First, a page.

(A) A schematic diagram showing selective deletion of Rai1 from BDNF-producing cells in mice. (B) Representative images showing that in Ctrl mice (BdnfCre/+; Ai9), many PVHBDNF neurons (magenta) express RAI1 (cyan, double-positive cells are indicated with yellow arrows). By contrast, PVHBDNF neurons lack RAI1 expression in the conditional knockout (cKO) group (BdnfCre/+; Rai1fl/fl; Ai9). Scale bars = 20 µm. (C) Percentage of PVHBDNF neurons co-expressing RAI1 in Ctrl (n = 3) and cKO (n = 3) mice. unpaired t-test, two-tailed, ****p<0.0001. (D) Female cKO mice (n = 12) showed a significant weight gain when compared to female Ctrl mice (n = 10). Two-way ANOVA with Šidák’s multiple comparisons test. *p<0.05, ***p<0.001. (E) Body composition was measured with echo-MRI, showing an increased fat mass in 26-week-old mice. ns indicates the difference is not significant. Two-way ANOVA with Šidák’s multiple comparisons test. ****p<0.0001. (F) Fat mass of brown adipocytes (BAT), subcutaneous inguinal (S.C.ing) and epididymal white adipose tissue (eWAT) in Ctrl and cKO mice. ns indicates the difference is not significant. Two-way ANOVA with Šidák’s multiple comparisons test. **p<0.01, ****p<0.0001. (G) Representative images showing eWAT adipocyte hypertrophy of the cKO mice (left). Scale bar = 500 µm. Frequency distribution of adipocytes at each cellular size (right) (Ctrl: n = 4, cKO: n = 5). Two-way ANOVA with Šidák’s multiple comparisons test. ***p<0.001, ****p<0.0001. (H) Female cKO mice showed significantly increased blood leptin levels. unpaired t-test, two-tailed, **p<0.01. (I) Female cKO mice showed reduced energy expenditure during the dark phase. ns indicates not significantly different. Two-way ANOVA with Šidák’s multiple comparisons test. *p<0.05. (J) Female cKO mice showed reduced locomotor activity during the dark phase. ns indicates the difference is not significant. Two-way ANOVA with Šidák’s multiple comparisons test. *p<0.05. (K) Female cKO mice showed similar food intake as control mice. ns indicates not significant. unpaired t-test, two-tailed. (L) Glucose tolerance test showing that female cKO mice became hyperglycaemic 20 min after intraperitoneal glucose administration, suggesting glucose intolerance (Ctrl: n = 9, cKO: n = 7). Two-way ANOVA with Šidák’s multiple comparisons test. *p<0.05, ***p<0.001. Data are shown as mean ± SEM.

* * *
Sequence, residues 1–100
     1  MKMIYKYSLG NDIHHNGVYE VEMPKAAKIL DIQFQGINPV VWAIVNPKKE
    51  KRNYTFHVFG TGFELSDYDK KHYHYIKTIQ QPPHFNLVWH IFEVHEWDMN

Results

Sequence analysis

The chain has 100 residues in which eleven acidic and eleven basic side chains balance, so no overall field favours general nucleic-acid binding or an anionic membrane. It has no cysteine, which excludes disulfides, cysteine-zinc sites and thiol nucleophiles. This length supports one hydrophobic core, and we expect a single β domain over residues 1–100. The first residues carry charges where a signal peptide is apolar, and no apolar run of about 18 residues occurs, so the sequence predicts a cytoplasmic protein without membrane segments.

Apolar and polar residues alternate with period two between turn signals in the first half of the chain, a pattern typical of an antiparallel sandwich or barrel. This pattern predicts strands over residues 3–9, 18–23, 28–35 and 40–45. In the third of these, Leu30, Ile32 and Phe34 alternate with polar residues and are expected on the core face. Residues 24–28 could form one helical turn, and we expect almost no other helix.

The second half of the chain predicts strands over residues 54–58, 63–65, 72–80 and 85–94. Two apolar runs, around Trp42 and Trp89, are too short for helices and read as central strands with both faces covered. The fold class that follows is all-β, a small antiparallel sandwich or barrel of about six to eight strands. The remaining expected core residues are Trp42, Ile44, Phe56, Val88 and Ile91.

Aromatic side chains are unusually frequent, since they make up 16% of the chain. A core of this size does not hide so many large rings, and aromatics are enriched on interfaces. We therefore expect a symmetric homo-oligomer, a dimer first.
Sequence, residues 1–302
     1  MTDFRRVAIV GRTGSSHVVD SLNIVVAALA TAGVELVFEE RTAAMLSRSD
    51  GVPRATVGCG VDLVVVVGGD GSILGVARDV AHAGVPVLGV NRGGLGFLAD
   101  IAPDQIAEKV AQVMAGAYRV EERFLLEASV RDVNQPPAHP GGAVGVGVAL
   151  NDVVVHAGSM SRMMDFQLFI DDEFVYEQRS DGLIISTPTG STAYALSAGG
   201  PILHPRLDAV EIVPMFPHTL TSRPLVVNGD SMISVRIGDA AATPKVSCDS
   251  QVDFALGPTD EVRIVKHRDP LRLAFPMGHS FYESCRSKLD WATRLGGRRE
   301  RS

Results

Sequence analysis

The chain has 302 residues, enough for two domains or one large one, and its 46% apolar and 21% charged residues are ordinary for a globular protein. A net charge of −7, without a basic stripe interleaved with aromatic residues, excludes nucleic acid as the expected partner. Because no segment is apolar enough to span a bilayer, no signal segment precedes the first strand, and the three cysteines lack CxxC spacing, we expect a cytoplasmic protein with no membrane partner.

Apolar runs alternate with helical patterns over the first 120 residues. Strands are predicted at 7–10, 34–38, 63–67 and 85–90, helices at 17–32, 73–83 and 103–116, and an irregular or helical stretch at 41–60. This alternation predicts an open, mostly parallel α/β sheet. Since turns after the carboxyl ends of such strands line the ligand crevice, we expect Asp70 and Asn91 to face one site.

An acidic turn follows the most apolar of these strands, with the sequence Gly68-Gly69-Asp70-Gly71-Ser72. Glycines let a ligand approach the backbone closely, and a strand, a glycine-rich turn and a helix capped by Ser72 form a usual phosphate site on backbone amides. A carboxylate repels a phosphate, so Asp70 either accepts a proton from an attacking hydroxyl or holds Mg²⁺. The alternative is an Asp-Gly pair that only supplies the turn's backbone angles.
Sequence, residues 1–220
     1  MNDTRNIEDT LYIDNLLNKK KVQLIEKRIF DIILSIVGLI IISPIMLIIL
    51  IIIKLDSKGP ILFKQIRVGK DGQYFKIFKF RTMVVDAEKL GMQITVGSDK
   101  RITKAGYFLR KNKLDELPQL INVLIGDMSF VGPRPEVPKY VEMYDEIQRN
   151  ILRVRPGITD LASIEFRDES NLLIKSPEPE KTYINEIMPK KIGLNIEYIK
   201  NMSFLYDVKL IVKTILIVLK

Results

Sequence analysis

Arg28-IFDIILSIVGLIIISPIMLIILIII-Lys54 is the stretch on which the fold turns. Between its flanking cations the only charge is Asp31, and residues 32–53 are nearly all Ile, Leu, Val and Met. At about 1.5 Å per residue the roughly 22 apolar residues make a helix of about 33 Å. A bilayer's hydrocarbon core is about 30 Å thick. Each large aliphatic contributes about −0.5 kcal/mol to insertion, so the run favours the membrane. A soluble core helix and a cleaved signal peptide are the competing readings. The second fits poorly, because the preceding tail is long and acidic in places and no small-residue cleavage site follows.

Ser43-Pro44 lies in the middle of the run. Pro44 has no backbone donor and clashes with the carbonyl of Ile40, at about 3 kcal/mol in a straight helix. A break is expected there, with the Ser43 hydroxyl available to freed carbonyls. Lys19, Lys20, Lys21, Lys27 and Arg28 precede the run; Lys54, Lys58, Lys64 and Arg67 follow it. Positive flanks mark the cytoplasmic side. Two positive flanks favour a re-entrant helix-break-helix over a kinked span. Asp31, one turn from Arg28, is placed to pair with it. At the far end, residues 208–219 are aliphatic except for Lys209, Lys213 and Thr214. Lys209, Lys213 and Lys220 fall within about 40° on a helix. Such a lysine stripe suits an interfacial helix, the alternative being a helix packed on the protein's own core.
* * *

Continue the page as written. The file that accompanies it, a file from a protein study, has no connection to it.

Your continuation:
We monitored body weight weekly and found that male and female cKO mice showed a significant increase in body weight beginning at 15 wk of age compared to controls (Ctrl: BdnfCre/+) (Figure 2D, Figure 2—figure supplement 4A). However, conditional Rai1 heterozygous mice (BdnfCre/+; Rai1fl/+) did not show a pathological increase in body weight (Figure 2—figure supplement 3D, Figure 2—figure supplement 4B), suggesting that non-BDNF-producing cells also contribute to SMS pathogenesis. EcoMRI found that 26-week-old cKO male and female mice showed increased fat mass but not lean mass (Figure 2E, Figure 2—figure supplement 4C). Further dissection of fat tissues from different organs showed an increased mass of subcutaneous inguinal (S.C. Ing.) fat in cKO mice of both sexes and an increased mass of epididymal adipose tissues (eWAT) in female cKOs (Figure 2F, Figure 2—figure supplement 4D).